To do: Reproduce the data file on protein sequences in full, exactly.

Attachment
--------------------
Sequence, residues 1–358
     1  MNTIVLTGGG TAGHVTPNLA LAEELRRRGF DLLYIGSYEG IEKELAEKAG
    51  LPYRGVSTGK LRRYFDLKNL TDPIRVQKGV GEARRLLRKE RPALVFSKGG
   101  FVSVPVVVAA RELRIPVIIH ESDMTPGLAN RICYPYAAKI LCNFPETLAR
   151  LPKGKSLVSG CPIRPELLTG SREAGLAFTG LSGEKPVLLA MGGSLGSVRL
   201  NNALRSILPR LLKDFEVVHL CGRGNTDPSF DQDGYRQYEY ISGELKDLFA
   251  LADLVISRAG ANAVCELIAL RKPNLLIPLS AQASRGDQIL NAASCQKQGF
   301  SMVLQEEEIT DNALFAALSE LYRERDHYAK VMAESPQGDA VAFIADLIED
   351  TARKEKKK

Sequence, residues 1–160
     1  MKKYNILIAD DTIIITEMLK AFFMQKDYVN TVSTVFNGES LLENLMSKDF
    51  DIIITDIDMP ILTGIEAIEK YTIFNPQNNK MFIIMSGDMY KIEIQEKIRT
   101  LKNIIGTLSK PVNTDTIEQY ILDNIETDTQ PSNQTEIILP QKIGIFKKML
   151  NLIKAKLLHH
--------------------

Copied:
Sequence, residues 1–358
     1  MNTIVLTGGG TAGHVTPNLA LAEELRRRGF DLLYIGSYEG IEKELAEKAG
    51  LPYRGVSTGK LRRYFDLKNL TDPIRVQKGV GEARRLLRKE RPALVFSKGG
   101  FVSVPVVVAA RELRIPVIIH ESDMTPGLAN RICYPYAAKI LCNFPETLAR
   151  LPKGKSLVSG CPIRPELLTG SREAGLAFTG LSGEKPVLLA MGGSLGSVRL
   201  NNALRSILPR LLKDFEVVHL CGRGNTDPSF DQDGYRQYEY ISGELKDLFA
   251  LADLVISRAG ANAVCELIAL RKPNLLIPLS AQASRGDQIL NAASCQKQGF
   301  SMVLQEEEIT DNALFAALSE LYRERDHYAK VMAESPQGDA VAFIADLIED
   351  TARKEKKK

Sequence, residues 1–160
     1  MKKYNILIAD DTIIITEMLK AFFMQKDYVN TVSTVFNGES LLENLMSKDF
    51  DIIITDIDMP ILTGIEAIEK YTIFNPQNNK MFIIMSGDMY KIEIQEKIRT
   101  LKNIIGTLSK PVNTDTIEQY ILDNIETDTQ PSNQTEIILP QKIGIFKKML
   151  NLIKAKLLHH